It is a sad statistic: illness is one of the leading causes of personal bankruptcy in the United States. But a report out of WRAL in Raleigh, North Carolina, suggests that healthcare firms may be adding insult to the injury of bankruptcy: dumping personally identifiable data into court filings that then become part of the public record.
In pursing claims of unpaid medical bills against current and former patients, the North Carolina firm WakeMed included the names, Social Security Numbers, household addresses, medical record information and even the names of covered minors with supporting documents filed in bankruptcy court. WakeMed is now being sued by attorneys representing those patients, who note that the organization violated bankruptcy laws and may have violated other regulations, including HIPAA, the healthcare privacy act.
According to WRAL’s report, the issue came to light as attorneys representing patients were reviewing bankruptcy court filings posted on the court’s electronic filing system, known as PACER (Public Access to Court Electronic Records). Cort Walker, a bankruptcy and civil business litigation attorney at Sasser Law Firm, told WRAL that he was getting ready to challenge a proof of claim for medical services from WakeMed when he noticed personal information about his clients had been included in the records the hospital had submitted to bolster its case.
Federal bankruptcy law requires that personally identifiable information like date of birth, Social Security Number, financial account numbers and the names of others individuals who are not the debtor be redacted from filings, unless a court says otherwise.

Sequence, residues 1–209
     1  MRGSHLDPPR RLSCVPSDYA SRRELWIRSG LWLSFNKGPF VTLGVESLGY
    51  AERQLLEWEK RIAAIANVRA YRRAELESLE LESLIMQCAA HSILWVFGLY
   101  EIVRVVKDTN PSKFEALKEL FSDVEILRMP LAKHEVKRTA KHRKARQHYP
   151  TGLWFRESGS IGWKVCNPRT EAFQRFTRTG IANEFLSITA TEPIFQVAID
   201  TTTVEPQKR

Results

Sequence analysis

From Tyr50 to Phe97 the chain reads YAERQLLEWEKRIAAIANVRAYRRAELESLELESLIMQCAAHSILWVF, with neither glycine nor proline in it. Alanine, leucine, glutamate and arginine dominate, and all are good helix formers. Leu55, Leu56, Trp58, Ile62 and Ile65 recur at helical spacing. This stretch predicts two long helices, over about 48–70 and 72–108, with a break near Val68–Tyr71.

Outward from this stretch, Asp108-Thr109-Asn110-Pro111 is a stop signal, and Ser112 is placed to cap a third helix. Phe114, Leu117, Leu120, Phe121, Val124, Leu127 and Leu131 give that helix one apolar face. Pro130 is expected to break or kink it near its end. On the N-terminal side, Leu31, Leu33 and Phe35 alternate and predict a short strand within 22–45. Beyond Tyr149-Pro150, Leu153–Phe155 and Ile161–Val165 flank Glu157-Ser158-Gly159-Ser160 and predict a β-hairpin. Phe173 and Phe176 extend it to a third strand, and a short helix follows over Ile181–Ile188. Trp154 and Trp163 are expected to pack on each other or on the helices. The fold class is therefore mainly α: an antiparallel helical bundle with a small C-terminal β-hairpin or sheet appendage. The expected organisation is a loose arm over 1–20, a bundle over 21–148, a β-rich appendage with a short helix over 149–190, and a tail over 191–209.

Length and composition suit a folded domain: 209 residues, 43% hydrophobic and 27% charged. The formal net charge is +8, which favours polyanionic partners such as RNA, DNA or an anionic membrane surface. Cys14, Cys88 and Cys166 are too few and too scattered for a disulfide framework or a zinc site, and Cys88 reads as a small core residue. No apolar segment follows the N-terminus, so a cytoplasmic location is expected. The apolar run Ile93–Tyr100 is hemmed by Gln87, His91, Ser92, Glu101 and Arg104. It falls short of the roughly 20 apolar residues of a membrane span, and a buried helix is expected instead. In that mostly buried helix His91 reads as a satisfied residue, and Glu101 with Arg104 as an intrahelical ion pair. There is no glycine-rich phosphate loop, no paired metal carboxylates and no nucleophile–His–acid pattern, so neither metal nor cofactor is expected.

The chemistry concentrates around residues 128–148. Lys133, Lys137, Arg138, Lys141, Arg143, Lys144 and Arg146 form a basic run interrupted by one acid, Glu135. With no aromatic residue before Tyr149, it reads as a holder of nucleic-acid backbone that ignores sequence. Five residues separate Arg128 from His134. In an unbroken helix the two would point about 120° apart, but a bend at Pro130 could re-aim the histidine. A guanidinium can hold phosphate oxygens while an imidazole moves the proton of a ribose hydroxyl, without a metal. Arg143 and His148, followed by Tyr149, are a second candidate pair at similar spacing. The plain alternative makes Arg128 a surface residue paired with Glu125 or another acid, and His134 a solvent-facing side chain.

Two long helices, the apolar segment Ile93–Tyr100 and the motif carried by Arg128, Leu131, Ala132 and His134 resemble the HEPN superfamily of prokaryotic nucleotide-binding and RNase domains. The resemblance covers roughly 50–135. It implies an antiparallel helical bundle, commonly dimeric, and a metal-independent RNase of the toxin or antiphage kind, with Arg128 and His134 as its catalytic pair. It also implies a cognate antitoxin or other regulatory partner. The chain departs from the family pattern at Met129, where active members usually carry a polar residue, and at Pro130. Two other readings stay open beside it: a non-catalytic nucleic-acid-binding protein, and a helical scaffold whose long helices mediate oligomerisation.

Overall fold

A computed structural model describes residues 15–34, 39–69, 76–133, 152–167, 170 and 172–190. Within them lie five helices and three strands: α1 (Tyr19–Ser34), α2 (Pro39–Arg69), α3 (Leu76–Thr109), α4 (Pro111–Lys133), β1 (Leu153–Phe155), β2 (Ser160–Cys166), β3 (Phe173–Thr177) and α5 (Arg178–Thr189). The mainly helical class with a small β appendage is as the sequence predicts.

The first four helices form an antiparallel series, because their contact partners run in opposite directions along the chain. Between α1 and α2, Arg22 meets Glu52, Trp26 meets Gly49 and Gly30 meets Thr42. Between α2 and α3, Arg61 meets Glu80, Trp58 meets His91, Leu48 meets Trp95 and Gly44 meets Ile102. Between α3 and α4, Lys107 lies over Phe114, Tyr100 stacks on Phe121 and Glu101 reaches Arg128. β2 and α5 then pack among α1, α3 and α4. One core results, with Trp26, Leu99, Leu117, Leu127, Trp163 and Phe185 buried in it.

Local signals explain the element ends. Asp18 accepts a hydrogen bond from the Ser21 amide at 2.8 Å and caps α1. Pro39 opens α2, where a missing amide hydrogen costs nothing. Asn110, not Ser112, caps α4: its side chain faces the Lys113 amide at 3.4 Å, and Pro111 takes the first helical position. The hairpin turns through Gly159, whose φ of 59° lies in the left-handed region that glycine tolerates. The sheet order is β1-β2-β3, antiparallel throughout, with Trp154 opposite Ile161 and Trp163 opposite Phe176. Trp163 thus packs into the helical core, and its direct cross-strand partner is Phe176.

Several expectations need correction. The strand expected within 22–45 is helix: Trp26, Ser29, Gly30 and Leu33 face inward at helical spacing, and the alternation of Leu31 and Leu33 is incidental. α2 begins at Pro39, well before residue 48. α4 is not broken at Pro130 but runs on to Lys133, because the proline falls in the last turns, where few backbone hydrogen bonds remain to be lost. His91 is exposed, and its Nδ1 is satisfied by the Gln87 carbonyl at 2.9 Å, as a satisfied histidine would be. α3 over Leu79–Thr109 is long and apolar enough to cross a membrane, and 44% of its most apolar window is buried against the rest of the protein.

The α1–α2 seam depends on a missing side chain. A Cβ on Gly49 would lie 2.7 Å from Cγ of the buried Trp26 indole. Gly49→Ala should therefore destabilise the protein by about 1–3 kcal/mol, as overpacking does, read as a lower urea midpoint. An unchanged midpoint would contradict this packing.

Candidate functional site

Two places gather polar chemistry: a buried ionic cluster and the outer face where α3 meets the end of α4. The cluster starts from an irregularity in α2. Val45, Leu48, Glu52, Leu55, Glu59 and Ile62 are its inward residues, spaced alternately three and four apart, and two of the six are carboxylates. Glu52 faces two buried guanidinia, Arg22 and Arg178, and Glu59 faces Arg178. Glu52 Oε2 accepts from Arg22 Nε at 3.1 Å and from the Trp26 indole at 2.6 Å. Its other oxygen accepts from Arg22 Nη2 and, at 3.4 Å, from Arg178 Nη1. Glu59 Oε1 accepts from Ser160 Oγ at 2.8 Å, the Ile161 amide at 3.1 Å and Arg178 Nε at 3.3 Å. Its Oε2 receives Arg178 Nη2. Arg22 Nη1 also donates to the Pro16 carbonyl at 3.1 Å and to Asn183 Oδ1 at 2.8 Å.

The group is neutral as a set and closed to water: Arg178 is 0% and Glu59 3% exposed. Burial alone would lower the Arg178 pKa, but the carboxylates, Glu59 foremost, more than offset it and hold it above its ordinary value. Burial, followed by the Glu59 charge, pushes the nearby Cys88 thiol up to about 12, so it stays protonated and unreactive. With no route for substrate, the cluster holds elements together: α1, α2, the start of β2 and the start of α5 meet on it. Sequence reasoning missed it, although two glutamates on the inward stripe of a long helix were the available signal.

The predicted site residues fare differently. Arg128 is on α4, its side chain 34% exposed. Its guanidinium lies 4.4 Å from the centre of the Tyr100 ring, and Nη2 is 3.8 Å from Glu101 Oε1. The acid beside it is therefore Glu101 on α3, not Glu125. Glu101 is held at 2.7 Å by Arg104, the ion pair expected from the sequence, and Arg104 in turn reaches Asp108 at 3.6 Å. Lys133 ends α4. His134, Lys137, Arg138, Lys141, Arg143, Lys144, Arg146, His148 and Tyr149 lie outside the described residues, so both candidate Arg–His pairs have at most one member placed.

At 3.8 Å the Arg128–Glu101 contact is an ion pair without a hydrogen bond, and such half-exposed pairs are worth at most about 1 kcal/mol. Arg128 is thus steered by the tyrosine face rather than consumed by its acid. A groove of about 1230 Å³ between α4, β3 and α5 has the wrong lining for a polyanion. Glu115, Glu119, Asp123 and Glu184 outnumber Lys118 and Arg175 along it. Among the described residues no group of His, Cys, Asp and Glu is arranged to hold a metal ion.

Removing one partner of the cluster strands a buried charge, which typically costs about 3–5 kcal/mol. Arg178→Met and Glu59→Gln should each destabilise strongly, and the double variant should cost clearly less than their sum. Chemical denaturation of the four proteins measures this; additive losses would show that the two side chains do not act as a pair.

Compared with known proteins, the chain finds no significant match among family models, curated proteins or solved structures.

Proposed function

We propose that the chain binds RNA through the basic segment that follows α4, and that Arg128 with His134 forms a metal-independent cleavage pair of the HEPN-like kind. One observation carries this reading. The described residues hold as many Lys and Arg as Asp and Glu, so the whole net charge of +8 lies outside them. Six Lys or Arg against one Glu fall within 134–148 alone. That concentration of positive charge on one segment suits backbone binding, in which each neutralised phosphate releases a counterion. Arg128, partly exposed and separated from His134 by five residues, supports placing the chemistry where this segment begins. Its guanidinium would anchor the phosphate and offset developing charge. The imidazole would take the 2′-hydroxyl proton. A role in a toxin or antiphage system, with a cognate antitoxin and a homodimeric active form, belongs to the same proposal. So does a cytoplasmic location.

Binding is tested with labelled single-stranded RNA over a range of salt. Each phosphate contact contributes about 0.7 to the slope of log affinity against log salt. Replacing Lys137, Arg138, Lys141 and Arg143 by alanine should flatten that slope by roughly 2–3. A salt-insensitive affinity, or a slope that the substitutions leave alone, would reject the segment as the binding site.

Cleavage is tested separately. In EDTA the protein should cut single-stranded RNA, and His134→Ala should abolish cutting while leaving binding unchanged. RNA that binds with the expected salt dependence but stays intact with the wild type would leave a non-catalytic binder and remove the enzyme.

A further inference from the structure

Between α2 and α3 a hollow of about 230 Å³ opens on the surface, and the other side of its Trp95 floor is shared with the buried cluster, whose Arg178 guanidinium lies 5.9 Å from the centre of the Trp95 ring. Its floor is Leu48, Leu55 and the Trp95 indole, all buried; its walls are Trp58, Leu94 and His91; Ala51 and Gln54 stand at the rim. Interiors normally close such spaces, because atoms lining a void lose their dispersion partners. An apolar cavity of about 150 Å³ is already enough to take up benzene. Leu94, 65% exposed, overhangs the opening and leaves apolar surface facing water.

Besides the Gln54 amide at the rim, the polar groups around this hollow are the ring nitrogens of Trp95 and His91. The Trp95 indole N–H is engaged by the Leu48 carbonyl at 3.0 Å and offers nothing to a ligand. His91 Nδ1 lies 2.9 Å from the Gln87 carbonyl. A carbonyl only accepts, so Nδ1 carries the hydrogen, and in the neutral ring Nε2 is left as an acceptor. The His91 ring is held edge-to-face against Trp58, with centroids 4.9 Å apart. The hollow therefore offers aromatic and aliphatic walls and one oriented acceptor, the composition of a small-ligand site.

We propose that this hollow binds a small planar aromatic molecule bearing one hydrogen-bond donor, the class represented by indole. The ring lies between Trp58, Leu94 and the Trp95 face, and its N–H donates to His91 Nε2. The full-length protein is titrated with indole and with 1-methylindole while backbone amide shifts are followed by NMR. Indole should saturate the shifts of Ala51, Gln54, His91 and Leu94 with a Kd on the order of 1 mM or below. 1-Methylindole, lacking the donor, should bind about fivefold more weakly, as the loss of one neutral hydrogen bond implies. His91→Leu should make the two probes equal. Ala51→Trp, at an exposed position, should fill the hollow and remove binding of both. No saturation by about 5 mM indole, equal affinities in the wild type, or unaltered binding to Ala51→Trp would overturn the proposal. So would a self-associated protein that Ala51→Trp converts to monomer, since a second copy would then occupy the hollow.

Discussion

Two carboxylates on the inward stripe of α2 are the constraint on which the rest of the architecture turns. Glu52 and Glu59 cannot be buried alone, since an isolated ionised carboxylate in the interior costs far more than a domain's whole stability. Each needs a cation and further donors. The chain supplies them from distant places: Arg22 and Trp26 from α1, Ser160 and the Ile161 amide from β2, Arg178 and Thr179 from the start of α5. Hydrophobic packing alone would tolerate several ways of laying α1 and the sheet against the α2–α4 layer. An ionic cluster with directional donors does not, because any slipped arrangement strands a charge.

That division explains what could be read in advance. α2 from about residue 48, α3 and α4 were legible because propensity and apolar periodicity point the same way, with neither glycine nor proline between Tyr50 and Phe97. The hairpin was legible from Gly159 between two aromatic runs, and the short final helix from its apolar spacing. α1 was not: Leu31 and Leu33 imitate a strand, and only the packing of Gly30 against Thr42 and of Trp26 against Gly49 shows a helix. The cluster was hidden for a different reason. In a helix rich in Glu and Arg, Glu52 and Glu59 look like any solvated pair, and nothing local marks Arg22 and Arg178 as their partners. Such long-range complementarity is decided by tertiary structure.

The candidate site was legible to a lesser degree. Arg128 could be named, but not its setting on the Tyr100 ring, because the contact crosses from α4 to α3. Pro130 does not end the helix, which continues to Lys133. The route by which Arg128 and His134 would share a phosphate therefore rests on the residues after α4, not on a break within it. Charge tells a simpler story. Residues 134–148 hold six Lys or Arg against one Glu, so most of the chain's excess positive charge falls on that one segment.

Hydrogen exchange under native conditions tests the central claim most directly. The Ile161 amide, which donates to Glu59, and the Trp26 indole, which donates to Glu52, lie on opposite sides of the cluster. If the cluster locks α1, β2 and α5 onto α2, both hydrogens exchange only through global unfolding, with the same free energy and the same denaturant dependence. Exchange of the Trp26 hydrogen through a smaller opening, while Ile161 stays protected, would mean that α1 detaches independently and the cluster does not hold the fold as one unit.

Still, attorneys at Sasser found 158 cases involving just its clients dating back to 2013 where WakeMed violated federal bankruptcy code by including Social Security numbers, full dates of birth and medical records. The filed a motion for contempt, sanctions and damages against WakeMed, citing North Carolina’s Identity Theft Protection Act and the state’s Unfair and Deceptive Trade Practices Act. The attorneys have also indicated they may file a claim with the Office for Civil Rights, which applies the Federal HIPAA patient privacy laws.
In a statement, WakeMed said it is “in the process of investigating” the incident and has moved to block access to WakeMed proof of claim forms filed on PACER.
The case against WakeMed isn’t the first time that bankruptcy filings have been fingered as a storehouse of potentially damaging personal and financial information. In 2012, Duke University Health System informed patients who had sought Chapter 13 bankruptcy protection staff that a third party billing firm accidentally attached copies of outstanding billing statement(s) for services provided by its facilities and physicians to support proofs of claim filed in Chapter 13 bankruptcy actions by patients of DUHS.
According to Duke University, the billing statement included the patients’ name and address; patients’ and dependents’ internal medical record number, and even a list of services received.
And the U.S. Internal Revenue Service was the target of widespread attacks by identity thieves this year, who used an IRS web filing application and information gleaned from public records to file false claims for more than 600,000 taxpayers.
The IRS has subsequently taken steps to improve the security of its online filing system, but attention to inadvertent data leaks that result from the actions of third parties is a major concern for organizations, especially in regulated industries such as healthcare.
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